By Vera Eckert
FRANKFURT – Around 310,000 German households face a 11.5% increase in their gas bills, data showed on Monday, as suppliers pass on record wholesale rates and add to tensions over the issue ahead of federal elections this month.
German households already have some of Europe’s highest energy bills because of costly support for carbon-free energy sources, while industry enjoys exemptions to help maintain its competitiveness.
Contracts tend to be renewed annually, which can delay the impact of increases for many of Germany’s 41.5 million households, but price comparison portal Check24 said record prices were being passed on at retail level.
Check24 data showed the 11.5% increase will add 172 euros to the bills of some 310,000 households, which pay 1,516 euros ($1,775.54) for 20,000 kilowatt hours (kWh) of annual gas consumption.
Around 290,000 average household with 5,000 kWh annual power consumption have been notified of 3.7% increases in their annual prices, adding 63 euros to their annual bill of 1,532 euros.
Wholesale power for spot delivery in the year to date has risen to 65.16 euros a megawatt hour (MWh), 74% above its 2018-2020 average, while the main futures price for power delivery at 63.22 euros/MWh, is up 44% in the year-to-date, analysts Horvath said in a research note.[EL/DE]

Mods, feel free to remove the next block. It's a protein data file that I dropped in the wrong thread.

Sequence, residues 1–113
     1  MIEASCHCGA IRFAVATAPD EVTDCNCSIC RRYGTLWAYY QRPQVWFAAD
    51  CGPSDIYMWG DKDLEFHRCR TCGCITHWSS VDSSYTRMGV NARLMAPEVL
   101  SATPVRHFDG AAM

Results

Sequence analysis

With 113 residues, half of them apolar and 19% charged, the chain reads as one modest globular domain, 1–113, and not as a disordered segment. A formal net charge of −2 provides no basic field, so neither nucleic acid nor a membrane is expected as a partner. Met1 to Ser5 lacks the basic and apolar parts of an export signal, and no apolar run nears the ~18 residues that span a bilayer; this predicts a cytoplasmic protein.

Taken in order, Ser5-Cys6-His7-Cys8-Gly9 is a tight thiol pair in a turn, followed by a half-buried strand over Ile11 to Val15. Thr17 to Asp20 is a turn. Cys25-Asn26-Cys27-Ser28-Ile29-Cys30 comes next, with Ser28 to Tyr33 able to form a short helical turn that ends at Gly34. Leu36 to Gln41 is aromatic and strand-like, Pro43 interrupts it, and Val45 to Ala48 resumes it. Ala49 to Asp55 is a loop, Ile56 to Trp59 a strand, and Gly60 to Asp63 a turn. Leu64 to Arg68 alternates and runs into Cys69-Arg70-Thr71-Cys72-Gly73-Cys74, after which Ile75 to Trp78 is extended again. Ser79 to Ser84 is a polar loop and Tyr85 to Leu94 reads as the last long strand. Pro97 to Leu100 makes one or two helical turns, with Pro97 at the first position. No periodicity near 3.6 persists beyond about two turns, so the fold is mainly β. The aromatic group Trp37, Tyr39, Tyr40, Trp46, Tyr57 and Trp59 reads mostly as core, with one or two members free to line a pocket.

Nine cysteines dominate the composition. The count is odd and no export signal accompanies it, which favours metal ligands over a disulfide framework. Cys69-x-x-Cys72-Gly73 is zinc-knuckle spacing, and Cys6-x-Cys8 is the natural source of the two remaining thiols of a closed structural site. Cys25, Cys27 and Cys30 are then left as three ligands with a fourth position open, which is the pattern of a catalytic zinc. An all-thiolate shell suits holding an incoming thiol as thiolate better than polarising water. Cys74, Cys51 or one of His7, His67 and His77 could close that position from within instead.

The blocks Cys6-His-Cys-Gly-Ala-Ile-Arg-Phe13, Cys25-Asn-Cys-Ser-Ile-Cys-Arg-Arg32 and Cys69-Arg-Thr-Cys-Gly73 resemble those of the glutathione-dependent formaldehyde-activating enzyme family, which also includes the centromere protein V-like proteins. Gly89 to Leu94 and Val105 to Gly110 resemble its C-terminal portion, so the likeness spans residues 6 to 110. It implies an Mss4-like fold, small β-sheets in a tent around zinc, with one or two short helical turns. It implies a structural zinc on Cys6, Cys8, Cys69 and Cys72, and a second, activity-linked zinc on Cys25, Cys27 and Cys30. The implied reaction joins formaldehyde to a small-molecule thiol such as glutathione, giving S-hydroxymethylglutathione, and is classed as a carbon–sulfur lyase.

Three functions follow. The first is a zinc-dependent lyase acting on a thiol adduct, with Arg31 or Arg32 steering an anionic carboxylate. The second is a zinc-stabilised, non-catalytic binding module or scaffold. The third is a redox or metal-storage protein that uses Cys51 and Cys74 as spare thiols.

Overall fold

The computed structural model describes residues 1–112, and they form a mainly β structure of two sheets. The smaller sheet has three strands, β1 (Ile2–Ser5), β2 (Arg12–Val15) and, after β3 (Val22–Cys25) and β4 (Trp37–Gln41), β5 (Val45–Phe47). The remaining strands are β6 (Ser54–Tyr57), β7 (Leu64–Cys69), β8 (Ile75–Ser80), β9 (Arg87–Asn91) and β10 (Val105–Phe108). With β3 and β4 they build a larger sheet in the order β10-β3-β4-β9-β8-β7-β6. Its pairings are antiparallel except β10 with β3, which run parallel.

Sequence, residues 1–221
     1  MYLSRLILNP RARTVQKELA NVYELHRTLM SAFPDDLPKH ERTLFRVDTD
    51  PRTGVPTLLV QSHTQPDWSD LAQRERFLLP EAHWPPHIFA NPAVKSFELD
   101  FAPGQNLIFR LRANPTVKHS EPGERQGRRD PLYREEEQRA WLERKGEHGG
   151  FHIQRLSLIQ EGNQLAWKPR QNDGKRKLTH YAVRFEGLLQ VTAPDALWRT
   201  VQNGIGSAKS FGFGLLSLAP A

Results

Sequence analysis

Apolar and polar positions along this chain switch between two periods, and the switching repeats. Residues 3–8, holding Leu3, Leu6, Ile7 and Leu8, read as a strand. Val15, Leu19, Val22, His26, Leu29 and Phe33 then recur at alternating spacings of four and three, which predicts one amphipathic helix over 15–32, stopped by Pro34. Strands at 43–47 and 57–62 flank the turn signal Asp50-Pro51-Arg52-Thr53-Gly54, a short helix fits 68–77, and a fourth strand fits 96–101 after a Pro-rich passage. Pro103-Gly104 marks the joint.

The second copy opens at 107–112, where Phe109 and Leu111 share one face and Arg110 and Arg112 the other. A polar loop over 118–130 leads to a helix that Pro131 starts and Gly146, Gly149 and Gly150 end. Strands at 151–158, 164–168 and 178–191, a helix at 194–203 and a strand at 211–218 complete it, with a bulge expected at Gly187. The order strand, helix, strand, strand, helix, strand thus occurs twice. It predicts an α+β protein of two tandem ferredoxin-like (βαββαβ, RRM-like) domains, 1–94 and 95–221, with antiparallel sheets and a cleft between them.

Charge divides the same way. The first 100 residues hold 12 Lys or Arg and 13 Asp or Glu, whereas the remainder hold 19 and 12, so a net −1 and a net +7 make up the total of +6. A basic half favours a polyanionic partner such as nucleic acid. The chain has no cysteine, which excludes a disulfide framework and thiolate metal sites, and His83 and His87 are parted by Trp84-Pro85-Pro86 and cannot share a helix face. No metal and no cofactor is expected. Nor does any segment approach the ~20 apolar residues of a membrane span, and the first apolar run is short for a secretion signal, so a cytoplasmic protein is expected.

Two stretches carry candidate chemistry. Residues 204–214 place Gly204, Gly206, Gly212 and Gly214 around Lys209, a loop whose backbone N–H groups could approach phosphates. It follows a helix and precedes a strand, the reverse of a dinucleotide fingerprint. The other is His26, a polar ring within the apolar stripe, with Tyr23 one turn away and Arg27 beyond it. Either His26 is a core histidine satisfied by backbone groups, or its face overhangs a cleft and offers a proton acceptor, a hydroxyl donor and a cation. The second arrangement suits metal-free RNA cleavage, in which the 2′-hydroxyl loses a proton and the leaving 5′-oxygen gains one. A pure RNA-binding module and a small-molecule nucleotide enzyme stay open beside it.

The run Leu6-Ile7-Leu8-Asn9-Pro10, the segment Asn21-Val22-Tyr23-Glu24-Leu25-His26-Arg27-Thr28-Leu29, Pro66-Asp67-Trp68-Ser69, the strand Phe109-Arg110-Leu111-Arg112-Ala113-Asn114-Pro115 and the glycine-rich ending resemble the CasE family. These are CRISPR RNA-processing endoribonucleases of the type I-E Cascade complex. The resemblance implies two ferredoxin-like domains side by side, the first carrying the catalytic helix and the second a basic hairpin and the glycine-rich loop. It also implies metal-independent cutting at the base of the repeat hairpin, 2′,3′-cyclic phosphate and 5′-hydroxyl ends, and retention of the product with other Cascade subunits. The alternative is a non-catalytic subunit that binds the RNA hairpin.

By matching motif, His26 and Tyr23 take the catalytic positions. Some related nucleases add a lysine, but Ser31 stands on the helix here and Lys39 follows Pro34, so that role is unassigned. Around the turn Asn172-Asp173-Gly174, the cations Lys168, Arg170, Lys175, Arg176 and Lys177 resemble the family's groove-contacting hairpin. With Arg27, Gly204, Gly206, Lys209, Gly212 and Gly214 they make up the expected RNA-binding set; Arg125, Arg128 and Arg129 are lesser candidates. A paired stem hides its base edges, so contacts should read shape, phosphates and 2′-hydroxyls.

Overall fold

Prices have been driven by factors including Asia’s economic recovery – which sent related coal and gas soaring – political will to push up the cost of European carbon prices permits, higher oil prices, a decline in renewable power production in Germany because of weather, and a scheduled phase-out of coal power plants.
“Many gas storages in Europe are significantly emptier than normal at this time of year, while demand is going up as corona restrictions ease and the economy strengthens,” Check24 said.
($1 = 0.8538 euros)